I have been distressed by the lack of publicity about the efforts of the legal profession in relation to threats to civil liberties in Britain. My own professional body, the Law Society of England & Wales, has a good record on the subject but seems unable to get its message over to a wider audience.
In the sidebar to this blog is a link to the one of the "Parliamentary Activity" pages on the Law Society's website. It contains links to the "briefing papers" issued by the Society to Members of Parliament before the second readings (in the House of Commons and House of Lords) of what became the Prevention of Terrorism Act 2005.
Take a look. These are short documents, written down to the intellectual level of our legislators and will give no trouble to any reader of this blog. I don't think the Society went far enough in some respects, but generally I am quite proud that my profession spoke for sanity and justice amongst all the parliamentary chaos. It has also done so on other civil liberties issues recently such as compulsory ID cards linked to a central government database.
Some key quotes will give the flavour:
"It is a fundamental aspect of the rule of law that restrictions on the liberty of the individual should be made by the judiciary, and not at the behest of a member of the executive"
[on the subject of judicial review of orders made by the Home Secretary]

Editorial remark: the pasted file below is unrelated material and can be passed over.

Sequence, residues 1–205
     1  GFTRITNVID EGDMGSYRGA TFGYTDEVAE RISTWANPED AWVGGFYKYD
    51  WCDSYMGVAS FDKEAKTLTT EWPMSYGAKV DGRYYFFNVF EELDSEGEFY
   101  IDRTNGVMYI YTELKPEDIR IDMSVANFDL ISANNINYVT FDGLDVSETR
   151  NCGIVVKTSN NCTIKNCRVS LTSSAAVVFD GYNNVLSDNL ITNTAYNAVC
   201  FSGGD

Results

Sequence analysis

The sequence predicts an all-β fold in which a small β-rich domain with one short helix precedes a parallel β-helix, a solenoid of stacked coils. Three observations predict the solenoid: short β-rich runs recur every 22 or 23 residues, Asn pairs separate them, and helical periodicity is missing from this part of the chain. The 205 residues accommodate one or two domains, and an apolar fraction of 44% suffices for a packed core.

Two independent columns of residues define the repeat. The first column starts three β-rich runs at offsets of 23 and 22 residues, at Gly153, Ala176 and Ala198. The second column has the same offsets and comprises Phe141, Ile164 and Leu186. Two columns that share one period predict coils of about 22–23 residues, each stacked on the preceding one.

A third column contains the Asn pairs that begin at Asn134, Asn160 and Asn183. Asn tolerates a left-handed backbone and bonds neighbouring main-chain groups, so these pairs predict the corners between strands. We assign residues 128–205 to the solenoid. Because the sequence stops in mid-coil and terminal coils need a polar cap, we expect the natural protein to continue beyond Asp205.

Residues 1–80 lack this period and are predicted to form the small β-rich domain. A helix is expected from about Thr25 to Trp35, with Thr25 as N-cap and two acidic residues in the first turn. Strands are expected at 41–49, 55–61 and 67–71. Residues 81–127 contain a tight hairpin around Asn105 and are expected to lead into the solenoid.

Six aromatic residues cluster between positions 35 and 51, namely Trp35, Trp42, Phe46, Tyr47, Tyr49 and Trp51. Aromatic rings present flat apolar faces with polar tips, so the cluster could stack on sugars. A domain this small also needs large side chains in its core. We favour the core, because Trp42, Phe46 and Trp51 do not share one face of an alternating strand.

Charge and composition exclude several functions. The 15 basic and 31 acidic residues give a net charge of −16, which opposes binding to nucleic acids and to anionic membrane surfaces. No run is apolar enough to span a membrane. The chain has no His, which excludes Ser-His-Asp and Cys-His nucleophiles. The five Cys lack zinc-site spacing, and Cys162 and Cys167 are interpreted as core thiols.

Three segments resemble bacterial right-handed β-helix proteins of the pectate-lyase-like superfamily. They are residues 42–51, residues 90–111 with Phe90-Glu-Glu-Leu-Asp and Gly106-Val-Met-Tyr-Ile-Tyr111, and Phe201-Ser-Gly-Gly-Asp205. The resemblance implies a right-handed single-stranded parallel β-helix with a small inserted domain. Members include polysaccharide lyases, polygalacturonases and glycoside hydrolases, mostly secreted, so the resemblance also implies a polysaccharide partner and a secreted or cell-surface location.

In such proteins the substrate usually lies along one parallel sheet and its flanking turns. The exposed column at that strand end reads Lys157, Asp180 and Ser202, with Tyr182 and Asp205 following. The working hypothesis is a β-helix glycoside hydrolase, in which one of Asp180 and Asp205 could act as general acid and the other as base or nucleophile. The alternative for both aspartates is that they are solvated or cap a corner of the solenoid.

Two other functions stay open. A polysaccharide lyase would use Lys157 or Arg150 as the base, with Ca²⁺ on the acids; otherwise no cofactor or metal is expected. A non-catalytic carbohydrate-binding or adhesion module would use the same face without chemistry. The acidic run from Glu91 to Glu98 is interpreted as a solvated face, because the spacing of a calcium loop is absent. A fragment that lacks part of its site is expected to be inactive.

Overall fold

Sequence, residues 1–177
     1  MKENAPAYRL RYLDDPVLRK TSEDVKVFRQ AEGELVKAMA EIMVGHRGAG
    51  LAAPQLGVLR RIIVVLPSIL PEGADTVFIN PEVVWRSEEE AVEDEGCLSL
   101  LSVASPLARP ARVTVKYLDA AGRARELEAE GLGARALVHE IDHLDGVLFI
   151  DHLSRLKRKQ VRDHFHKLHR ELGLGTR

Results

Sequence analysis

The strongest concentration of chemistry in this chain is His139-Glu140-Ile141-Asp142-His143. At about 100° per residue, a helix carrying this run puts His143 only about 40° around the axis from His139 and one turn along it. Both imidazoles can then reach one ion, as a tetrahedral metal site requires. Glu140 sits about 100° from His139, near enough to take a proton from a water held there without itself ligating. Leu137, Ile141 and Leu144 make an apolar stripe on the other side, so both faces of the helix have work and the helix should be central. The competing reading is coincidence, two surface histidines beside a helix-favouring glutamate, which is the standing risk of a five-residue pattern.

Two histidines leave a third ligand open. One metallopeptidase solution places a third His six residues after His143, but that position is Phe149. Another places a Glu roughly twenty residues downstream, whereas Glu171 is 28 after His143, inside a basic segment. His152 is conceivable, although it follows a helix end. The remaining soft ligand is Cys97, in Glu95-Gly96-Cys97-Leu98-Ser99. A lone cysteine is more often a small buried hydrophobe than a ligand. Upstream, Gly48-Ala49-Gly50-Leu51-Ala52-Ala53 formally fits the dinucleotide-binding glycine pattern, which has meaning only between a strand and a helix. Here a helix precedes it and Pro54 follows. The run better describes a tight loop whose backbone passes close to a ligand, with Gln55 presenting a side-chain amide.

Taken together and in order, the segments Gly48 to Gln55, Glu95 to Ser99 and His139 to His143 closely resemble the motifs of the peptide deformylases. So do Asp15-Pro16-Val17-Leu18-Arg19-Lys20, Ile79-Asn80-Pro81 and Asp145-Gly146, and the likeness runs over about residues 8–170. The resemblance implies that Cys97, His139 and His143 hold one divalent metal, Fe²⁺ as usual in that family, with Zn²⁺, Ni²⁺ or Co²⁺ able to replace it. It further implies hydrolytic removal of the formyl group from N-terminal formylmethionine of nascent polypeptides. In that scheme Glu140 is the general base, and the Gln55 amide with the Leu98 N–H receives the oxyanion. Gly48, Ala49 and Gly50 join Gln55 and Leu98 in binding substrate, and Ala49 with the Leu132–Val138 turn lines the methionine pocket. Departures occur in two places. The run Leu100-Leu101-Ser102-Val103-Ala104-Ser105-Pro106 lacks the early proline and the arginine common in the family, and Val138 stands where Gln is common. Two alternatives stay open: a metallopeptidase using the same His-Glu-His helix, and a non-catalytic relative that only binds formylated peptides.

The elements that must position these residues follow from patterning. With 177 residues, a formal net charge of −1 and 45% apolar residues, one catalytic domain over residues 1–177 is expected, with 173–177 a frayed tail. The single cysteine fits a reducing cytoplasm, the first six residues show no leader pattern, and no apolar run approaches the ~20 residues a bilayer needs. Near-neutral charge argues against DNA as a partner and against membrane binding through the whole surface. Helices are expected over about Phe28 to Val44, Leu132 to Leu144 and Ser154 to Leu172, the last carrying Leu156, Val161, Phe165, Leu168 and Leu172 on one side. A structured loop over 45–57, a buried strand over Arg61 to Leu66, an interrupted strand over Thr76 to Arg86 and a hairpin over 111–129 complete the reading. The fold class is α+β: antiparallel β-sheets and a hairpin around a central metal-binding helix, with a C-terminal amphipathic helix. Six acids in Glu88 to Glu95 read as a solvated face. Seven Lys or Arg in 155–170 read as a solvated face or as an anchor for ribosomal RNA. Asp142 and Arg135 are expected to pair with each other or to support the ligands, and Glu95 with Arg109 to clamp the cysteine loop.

"Those principles are very limited, confining the reviewing court to the question of whether the Home Secretary has taken his decision properly and has not acted so unreasonably that no reasonable Home Secretary could have made the decision"
"...the proposed standard of proof...is too low a hurdle"
"...the decision to maintain the ban on the use of communication intercept evidence is puzzling...The government has not adequately explained why this cannot work in the UK when it is commonplace in other jurisdictions"
Is it because the experts in the field tend to express themselves in calm and measured terms that they cannot find an outlet for their views in the mass media? I should have thought that an interview with either of the Presidents of the Law Society or the Bar Council on these subjects would have been an effective counterbalance to the frenetic promotion of the government's bizarre position.
From another, more detailed Law Society paper entitled "Counter-Terrorism Powers - Reconciling Security and Liberty in an Open Society" (see link in sidebar) you can see that the UK is the only 1 out of 45 members of the Council of Europe which has found it necessary to derogate (i.e. opt out of)) Article 5 of the European Convention on Human Rights. It is the only country in the world to have derogated from Article 9 of the International Covenant on Civil & Political Rights. Unless Britain operates in some other dimension to the rest of humanity, it appears that we are really losing our way on these issues.
Perhaps the most telling thing about these Law Society papers is that our legislators have no excuse for the errors they have made. They KNOW that they have done wrong, but they have cravenly obeyed their parties' orders.